In the buffer zone

Rereading my last post, I realise that I am perfectly qualified to be a high-paid “diary” columnist on the Daily Telegraph. The Barclay Brothers can email me for the address to send the cheques.

Where have the pianos gone?

It’s perhaps a slightly random thought, but I was listening to a piece of a ragtime music just now, and it occurred to me that you never see a piano in a pub these days. You find them in London bars sometimes – usually covered in pint-glass marks – but most landlords would no more think of having a piano in the pub than they would think of having a chamber orchestra.

This is not me being an old git – I don’t ever remember seeing a piano in a pub, with the possible exception of the Angler’s Retreat at Marsworth – I just wonder where the pianos that the cheery cockneys crowded round in the Blitz have gone. Is there a corner of the country where you can still find a piano in a pub? And if so, does anyone ever play it?


In the old days, single-issue nutters used to write letters in green ink. Now they are better funded, and they all seem to be called SomethingWatch.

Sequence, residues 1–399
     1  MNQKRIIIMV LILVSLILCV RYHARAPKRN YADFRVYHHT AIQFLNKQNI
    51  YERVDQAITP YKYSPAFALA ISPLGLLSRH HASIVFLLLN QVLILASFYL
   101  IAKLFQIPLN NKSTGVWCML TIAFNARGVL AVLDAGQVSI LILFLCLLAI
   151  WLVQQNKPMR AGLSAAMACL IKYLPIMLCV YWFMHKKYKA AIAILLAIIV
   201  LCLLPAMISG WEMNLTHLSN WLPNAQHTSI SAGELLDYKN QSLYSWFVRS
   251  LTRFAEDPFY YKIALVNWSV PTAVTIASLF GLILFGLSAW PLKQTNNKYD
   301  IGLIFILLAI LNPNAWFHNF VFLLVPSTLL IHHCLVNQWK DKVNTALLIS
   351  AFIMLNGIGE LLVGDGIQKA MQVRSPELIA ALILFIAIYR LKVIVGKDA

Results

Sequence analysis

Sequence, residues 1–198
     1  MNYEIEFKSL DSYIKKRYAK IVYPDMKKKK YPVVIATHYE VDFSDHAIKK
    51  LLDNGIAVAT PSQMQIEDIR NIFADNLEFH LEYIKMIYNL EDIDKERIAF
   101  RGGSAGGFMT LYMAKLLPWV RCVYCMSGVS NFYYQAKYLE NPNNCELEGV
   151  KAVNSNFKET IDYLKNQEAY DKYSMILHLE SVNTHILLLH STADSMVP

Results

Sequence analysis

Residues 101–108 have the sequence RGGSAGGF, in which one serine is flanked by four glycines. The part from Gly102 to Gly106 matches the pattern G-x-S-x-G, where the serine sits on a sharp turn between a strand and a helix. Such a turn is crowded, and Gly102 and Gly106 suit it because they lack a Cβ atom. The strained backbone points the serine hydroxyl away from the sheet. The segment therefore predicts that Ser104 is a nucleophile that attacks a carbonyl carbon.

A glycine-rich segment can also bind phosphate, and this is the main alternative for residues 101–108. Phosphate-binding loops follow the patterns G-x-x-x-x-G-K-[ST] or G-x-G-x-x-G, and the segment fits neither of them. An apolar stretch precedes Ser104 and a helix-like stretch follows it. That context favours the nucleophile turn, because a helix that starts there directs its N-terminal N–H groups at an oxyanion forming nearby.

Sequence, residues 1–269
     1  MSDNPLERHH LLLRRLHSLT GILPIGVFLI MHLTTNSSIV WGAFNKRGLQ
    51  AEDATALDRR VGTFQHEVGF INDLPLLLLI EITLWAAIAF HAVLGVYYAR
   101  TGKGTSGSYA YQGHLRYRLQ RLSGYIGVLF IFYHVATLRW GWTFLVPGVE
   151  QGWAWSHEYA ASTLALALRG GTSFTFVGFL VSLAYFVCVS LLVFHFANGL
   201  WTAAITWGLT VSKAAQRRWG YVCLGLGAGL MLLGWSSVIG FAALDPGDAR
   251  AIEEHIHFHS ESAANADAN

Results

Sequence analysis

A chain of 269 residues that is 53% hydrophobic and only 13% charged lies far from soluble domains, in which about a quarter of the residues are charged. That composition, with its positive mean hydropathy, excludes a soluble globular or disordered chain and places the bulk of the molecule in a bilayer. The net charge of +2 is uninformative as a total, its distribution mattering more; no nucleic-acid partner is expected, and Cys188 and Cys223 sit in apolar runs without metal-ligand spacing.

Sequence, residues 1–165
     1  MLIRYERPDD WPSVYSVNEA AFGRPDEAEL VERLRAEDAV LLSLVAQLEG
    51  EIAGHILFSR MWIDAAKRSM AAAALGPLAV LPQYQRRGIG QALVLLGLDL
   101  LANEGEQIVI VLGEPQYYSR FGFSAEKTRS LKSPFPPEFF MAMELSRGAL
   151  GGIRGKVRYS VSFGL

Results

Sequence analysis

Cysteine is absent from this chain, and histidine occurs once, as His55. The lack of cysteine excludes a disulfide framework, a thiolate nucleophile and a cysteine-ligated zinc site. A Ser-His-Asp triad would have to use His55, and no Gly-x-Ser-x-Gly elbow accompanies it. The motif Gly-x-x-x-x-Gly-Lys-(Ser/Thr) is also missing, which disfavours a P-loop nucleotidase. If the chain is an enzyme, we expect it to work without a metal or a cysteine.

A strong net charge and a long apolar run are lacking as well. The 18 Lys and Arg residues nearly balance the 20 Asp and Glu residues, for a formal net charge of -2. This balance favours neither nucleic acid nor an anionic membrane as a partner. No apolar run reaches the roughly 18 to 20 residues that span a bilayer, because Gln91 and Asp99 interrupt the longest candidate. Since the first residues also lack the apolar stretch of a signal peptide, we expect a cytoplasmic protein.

Take MigrationWatch. This is a campaign group that fights against immigration using Daily Mail “Britain is full” arguments. It is not officially associated with a political party, but I think it’s safe to say their membership doesn’t overlap with that of the Workers Revolutionary Party.

Their views, and their tissue-thin pretence of impartiality, are summed up in a paragraph from their homepage:

Migrationwatch is not “anti immigration” but we do believe that the present levels of immigration, the highest in our history, are making Britain overcrowded and are changing the nature of our society.

Another preacher of that old-time Thatcherism is Transportwatch, a fairly new organisation dedicated to concreting over railways and making them into lovely, lovely roads.

The intellectual honesty and impartiality of this organisation (which seems to be more or less a one-man band) can be shown in their use of statistics. Their stock in trade is to compare apples and oranges, and my favourite examples are that roads (3,650 deaths a year) are safer than rail (10 or so deaths a year) because:

  • There are more deaths on all railways, if you include trespassers, than there are on the roads, if you only count motorways; and
  • There are more deaths per passenger mile on all railways than there are on rural bus routes.

But it’s OK. When TransportWatch get their way, Motorway Coaches will replace trains, and will be much faster over journeys of less than 80 miles. I look forward to the building of a motorway to my rural station in Sussex.